The diverging trends of increasing calls for support and a decrease in actual reports of domestic violence is troubling and suggests that victims may be delaying reporting until either they feel safe enough to do so or until a threatening situation escalates. Sometimes waiting can mean the difference between life and death, however. For instance, a report out of Canada notes that caseworkers are seeing threats of violence turn into acts of violence and that the severity of the abuse inflicted is worsening.

Firearms, Domestic Violence, and COVID-19

It is estimated that firearm sales in March 2020 increased by 85.3 percent from the year prior, concurrent with the spread of stay-at-home orders across America. With the exception of January 2013, the month following the mass shooting at Sandy Hook Elementary School in Connecticut, there were more gun sales in March 2020 than at any time since the national firearm background check system was created 22 years ago.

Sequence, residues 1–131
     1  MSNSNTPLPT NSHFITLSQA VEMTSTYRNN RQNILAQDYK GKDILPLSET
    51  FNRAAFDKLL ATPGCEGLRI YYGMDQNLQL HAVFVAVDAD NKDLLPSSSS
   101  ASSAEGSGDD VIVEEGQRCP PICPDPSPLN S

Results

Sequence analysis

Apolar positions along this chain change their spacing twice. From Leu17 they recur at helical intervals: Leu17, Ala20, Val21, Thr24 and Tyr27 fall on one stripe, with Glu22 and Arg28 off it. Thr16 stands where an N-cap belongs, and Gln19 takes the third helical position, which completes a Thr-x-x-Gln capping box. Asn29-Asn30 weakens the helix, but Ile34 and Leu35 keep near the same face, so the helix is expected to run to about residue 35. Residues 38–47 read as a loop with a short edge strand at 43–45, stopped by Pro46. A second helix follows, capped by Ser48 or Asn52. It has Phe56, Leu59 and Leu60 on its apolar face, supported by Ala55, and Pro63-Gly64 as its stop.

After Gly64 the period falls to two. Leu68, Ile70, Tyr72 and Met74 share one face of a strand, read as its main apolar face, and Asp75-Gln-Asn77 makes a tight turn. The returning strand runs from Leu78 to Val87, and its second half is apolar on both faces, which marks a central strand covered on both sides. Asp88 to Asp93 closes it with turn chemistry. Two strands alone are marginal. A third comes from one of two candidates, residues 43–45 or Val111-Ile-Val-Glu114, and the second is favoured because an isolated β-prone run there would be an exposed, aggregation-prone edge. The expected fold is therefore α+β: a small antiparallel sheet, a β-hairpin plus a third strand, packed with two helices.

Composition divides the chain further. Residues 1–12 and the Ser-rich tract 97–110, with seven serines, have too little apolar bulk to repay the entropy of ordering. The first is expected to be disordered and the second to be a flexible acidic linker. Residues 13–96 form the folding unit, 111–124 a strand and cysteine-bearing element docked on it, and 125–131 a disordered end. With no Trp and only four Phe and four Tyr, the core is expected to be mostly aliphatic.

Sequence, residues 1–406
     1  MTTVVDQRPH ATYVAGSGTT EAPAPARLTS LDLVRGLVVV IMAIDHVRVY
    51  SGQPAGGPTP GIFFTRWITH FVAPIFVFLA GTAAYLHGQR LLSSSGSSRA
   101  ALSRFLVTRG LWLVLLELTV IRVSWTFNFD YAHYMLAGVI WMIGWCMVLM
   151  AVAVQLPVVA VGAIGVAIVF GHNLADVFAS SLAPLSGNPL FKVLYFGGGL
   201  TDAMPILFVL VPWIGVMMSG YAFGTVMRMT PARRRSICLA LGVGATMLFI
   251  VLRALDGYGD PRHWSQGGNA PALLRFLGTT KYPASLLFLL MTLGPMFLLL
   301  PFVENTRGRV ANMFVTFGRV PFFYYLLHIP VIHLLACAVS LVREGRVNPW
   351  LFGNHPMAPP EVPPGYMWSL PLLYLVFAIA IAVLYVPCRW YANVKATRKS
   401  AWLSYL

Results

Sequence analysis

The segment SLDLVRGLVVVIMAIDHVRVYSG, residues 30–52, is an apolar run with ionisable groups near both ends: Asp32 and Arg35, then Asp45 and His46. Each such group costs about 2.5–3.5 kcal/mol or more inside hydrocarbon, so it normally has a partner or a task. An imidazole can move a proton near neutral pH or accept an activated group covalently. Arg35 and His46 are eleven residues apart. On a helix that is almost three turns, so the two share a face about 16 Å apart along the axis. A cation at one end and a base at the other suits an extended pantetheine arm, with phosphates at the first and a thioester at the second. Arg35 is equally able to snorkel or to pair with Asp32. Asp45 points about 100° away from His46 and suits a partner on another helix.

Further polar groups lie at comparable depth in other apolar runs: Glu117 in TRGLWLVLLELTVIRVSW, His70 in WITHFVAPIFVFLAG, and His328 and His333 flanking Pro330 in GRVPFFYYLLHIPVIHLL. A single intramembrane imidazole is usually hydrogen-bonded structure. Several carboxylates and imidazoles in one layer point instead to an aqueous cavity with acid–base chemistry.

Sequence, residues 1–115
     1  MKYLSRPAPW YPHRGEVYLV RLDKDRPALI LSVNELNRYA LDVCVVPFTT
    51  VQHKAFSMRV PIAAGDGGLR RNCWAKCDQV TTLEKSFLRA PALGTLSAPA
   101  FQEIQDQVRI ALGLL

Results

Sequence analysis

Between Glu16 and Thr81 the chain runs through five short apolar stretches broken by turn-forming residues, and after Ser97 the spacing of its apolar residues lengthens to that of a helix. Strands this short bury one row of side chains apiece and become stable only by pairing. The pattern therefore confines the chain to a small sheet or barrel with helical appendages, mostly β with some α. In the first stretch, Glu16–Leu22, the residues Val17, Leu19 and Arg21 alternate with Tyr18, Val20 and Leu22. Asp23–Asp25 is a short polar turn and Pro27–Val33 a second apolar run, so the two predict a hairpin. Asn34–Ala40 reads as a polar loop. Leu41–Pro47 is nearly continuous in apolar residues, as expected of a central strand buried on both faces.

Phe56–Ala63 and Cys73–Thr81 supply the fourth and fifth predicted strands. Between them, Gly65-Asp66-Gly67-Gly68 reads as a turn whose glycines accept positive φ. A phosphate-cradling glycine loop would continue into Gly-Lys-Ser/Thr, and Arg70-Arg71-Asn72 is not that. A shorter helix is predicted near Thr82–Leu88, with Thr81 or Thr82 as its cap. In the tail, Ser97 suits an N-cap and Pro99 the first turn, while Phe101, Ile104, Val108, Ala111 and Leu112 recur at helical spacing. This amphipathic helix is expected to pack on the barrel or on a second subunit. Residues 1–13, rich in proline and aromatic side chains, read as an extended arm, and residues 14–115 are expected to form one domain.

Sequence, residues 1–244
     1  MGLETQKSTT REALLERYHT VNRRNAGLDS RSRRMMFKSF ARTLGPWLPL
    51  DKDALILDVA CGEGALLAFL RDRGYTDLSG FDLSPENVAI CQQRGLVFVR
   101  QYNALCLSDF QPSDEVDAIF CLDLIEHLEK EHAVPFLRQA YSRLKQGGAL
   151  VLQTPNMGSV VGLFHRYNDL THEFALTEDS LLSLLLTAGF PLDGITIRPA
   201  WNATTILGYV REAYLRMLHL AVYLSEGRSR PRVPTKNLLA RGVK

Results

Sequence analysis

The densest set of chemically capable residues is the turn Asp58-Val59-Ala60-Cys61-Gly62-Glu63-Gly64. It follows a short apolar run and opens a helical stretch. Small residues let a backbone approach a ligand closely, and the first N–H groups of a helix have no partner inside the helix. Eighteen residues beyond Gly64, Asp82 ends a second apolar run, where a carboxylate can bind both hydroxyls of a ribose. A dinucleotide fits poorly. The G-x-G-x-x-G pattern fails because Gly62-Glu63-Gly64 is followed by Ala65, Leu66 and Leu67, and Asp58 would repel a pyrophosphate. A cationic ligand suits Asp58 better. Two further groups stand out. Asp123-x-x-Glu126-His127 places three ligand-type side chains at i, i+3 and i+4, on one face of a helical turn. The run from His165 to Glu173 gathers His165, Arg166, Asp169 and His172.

Recently released statistics from the New York Police Department already show an increase in the number of domestic violence-related murders as of April this year when compared to the same period last year.

This increase in firearm sales adds an additional element of concern because when abusers have access to a gun they are five times more likely to kill their female victims. Guns are used to commit more than half of all murders of intimate partners, and every 16 hours an American woman is shot to death by her intimate partner. Nearly half of all female homicide victims are killed by a male intimate partner, and 82 percent of all homicide victims killed by an intimate partner are women. Additionally, The New York Office for the Prevention of Domestic Violence notes that nearly 20 percent of all domestic violence incidents in the state involve a weapon.

It is not unusual for uncertain times, such as the COVID-19 pandemic, to coincide with an uptick in firearm purchases: gun sales also spiked after 9/11, Hurricane Katrina, and Hurricane Sandy. Still, more guns and higher rates of domestic violence have the potential to be a deadly combination. Recently released statistics from the New York Police Department already show an increase in the number of domestic violence-related murders as of April this year when compared to the same period last year, and globally there have been reports of increased gun-related domestic violence incidents.